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Familial factors confound the association between maternal smoking during pregnancy and young adult offspring overweight.

https://arctichealth.org/en/permalink/ahliterature97157
Source
Int J Epidemiol. 2010 Apr 29;
Publication Type
Article
Date
Apr-29-2010
Author
Anastasia Nyman Iliadou
Ilona Koupil
Eduardo Villamor
Daniel Altman
Christina Hultman
Niklas Långström
Sven Cnattingius
Author Affiliation
Department of Medical Epidemiology and Biostatistics, Karolinska Institutet, Stockholm, Sweden, Centre for Health Equity Studies (CHESS), Stockholm University/Karolinska Institutet, Stockholm, Sweden, Department of Environmental Health Sciences, University of Michigan School of Public Health, Ann Arbor, MI, USA and Unit of Clinical Epidemiology, Department of Medicine, Karolinska University Hospital, Stockholm, Sweden.
Source
Int J Epidemiol. 2010 Apr 29;
Date
Apr-29-2010
Language
English
Publication Type
Article
Abstract
BACKGROUND: Smoking during pregnancy has been shown to increase the risks of several adverse birth outcomes. Associations with overweight and/or obesity in the offspring have also been suggested. We aim to investigate whether familial factors confound the association between maternal smoking during pregnancy and overweight in early adulthood in young Swedish males born 1983-88. METHODS: In a population-based Swedish cohort comprising 124 203 singleton males born to Nordic mothers between 1983 and 1988, we examined the association between maternal smoking during pregnancy and the risk of overweight in the offspring at age approximately 18 years. We also investigated the association within siblings, controlling for common genes and shared environment. RESULTS: In the cohort analyses, the risk of overweight was increased in sons of smoking mothers compared with sons of non-smokers: adjusted odds ratios 1.41, 95% confidence interval (CI) 1.34-1.49, and 1.56, 95% CI 1.46-1.66, for one to nine cigarettes per day, and >10 cigarettes per day, respectively. Stratifying for maternal smoking habits across two subsequent male pregnancies, there was an increased risk of overweight for the second son only if the mother was smoking in both male pregnancies. The effect of smoking during pregnancy on the offspring's body mass index was not present when the association was evaluated within full and half sibling pairs. CONCLUSION: The association between maternal smoking during pregnancy and offspring's risk of overweight appears to be confounded by familial factors.
PubMed ID
20430830 View in PubMed
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Systematic Work Environment Management: experiences from implementation in Swedish small-scale enterprises.

https://arctichealth.org/en/permalink/ahliterature97188
Source
Ind Health. 2010;48(2):185-96
Publication Type
Article
Date
2010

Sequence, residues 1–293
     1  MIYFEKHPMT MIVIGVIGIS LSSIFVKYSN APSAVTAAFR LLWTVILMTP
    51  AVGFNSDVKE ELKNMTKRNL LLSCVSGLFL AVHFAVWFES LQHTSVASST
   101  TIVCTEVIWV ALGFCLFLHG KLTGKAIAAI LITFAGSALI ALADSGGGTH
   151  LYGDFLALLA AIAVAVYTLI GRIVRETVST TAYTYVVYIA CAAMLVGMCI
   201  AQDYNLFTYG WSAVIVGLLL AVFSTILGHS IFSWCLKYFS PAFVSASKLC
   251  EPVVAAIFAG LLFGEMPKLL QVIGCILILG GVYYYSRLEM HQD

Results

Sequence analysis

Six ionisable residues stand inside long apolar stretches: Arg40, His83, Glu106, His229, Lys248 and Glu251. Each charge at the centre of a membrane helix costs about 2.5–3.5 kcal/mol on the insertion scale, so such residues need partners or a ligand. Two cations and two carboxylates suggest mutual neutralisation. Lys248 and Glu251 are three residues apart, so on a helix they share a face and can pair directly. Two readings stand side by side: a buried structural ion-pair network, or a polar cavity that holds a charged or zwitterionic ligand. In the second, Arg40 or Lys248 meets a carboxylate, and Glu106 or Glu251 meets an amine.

Author
Kristina Gunnarsson
Ing-Marie Andersson
Gunnar Rosén
Author Affiliation
Department of Occupational and Environmental Medicine, Uppsala University Hospital, Uppsala, Sweden. kristina.gunnarsson@akademiska.se
Source
Ind Health. 2010;48(2):185-96
Date
2010
Language
English
Publication Type
Article
Keywords
Environment
Facility Regulation and Control
Humans
Manufactured Materials
Occupational Health
Safety Management - legislation & jurisprudence - organization & administration
Sweden
Workplace - legislation & jurisprudence - organization & administration
Abstract
Small-scale enterprises face difficulties in fulfilling the regulations for organising Systematic Work Environment Management. This study compared three groups of small-scale manufacturing enterprises with and without support for implementing the provision. Two implementation methods, supervised and network method, were used. The third group worked according to their own ideas. Twenty-three enterprises participated. The effects of the implementation were evaluated after one year by semi-structured dialogue with the manager and safety representative. Each enterprise was classified on compliance with ten demands concerning the provision. The work environment was estimated by the WEST-method. Impact of the implementation on daily work was also studied. At the follow-up, the enterprises in the supervised method reported slightly more improvements in the fulfilment of the demands in the provision than the enterprises in the network method and the enterprises working on their own did. The effect of the project reached the employees faster in the enterprises with the supervised method. In general, the work environment improved to some extent in all enterprises. Extensive support to small-scale enterprises in terms of advise and networking aimed to fulfil the regulations of Systematic Work Environment Management had limited effect - especially considering the cost of applying these methods.
PubMed ID
20424349 View in PubMed
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Trauma and resilience in young refugees: a 9-year follow-up study.